I have been reading Morgan’s book in the last few days. Today I read about the above quoted three verses from the first book of Thessalonians. Morgan’s explanation does help me in understanding and memorization.
The three verses comprise one of the shortest paragraphs of the Bible, yet they are very powerful.
Rejoice always – “As biblical joy pervades one’s personality, it puts a smile on the face, a sparkle in the eye, a bounce in the step, a warmth in the voice, a confidence in the heart, and a composure in the demeanor.” Don’t you want to be someone like that?
Pray constantly – Prayer is a practice to cultivate and a presence to enjoy. Pray anywhere and everywhere, without ceasing.
Give thanks in everything - We can’t always give thanks FOR everything, but we can always give thanks IN everything.” — Ruth Bell Graham.
These three Bible verses tell us to be joyful, prayerful and thankful.
Rejoice. Pray. Give thanks. Always, Constantly. Everything.
These three verses, when memorized and practiced, can alter our attitude at any given time.
It’s not too hard to memorize these few words, I can and I have. The hard part now is to put them into action.
We had a beautiful sunny Saturday in Twin Cities. It felt like summer.
It was a perfect day for being outside enjoying the nice weather.
I went to the Cinco de Mayo Fiesta Parade in St. Paul with a friend and our kids. The Parade startet shortly after 10 am. It begun at Plato and Wabasha, and then went down Cesar Chavez Street, ending at Cesar Chavez and Ada.
This was my first time going to the Cinco de Mayo Fiesta Parade.
Actually I was more interested in the Living Green Expo at the State Fair ground than the Parade, and intended to go after the Parade, but the kids were hot and tired from walking. We ended up going back home after the Parade.
Here are some photos from the parade. My favorite ones are the library bookmobile and Cub Foods shopping cart.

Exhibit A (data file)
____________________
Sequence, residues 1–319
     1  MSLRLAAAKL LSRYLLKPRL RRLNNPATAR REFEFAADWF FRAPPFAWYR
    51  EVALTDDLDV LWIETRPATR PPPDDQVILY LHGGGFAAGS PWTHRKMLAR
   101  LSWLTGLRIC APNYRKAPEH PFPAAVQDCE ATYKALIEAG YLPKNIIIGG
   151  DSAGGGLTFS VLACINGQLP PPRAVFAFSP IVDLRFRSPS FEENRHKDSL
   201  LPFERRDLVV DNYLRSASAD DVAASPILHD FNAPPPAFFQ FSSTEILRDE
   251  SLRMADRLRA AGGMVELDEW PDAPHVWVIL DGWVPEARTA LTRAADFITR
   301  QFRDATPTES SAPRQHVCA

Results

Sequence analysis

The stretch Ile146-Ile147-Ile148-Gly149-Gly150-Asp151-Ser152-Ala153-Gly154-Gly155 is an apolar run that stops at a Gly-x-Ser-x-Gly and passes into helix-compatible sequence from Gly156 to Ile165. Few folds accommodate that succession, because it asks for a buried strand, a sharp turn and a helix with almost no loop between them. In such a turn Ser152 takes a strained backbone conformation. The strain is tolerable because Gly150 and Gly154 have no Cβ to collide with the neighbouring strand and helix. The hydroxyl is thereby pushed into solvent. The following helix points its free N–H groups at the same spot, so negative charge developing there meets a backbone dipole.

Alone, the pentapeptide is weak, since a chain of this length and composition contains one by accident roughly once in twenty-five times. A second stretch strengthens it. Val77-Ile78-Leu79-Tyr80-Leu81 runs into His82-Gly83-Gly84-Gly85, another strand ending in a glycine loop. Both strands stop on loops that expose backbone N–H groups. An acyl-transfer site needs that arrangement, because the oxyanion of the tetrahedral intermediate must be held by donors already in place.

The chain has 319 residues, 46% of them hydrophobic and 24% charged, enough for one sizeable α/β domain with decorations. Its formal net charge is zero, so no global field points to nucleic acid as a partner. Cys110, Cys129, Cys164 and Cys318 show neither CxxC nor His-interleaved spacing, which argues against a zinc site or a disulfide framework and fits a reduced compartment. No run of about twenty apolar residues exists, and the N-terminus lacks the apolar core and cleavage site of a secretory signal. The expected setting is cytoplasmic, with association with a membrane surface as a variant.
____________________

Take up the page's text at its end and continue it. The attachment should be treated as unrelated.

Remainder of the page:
I recently interviewed Kevin Gutknecht, Mn/DOT Communications Director. We talked about the 12th book in the Commissioner’s Reading Corner Book of the Month series, Jeffrey Gitomer’s Little Teal Book of Trust: How to Earn It, Grow It, and Keep It to Become a Trusted Advisor in Sales, Business and Life.
Tang: Why did you pick this book?
Gutknecht: I like the color teal. But seriously, I think trust is an important issue in today’s society. It is a foundation for everything we do at work and in life. It is at the foundation of every relationship. We have to trust that people will get the work done, that they will keep their word and keep confidential information entrusted to them. Without trust, there won’t be strong relationships and success.
Tang: What do you like the best about the book?
Gutknecht: I like the author’s optimistic approach and outlook. For example, he says you trust others until they give you reasons not to do so. I agree with that approach. He has a lot of experiences in sales and his examples are based on his experiences. The book is practical and offers common sense advice. It’s simple and easy to read.
Tang: Is there anything new you learned from the book that is profound for you?
Gutknecht: I didn’t really find anything in this book that is new, that most people don’t already know. It’s all common sense. It’s just easy to lose track of common sense in our daily lives. This is a good book to re-read periodically to remind ourselves of that common sense.
Tang: Please share an example of what you found is a good common sense reminder for you.
Gutknecht: Trust yourself. You can’t trust others until you trust yourself. When you are in a decision-making job, it’s important to trust yourself once you have done your work. Trust your judgments, instincts, abilities, wisdom and actions. Don’t second guess yourself. Second-guessing can make you lose confidence in yourself.
Tang: In the book the author talks about the ultimate role that one can achieve with respect to trust – a trusted advisor. Trusted advisor status is about people seeking and taking your advice both as a counselor and a confidante. Being a trusted advisor is not simply a responsibility, it’s an honor! It’s not something that you force on someone, it’s something that must be earned. It’s not a title, it’s an earned designation. Can you think of someone in your work or personal life that served as a trusted advisor for you? What characteristics does he/she have?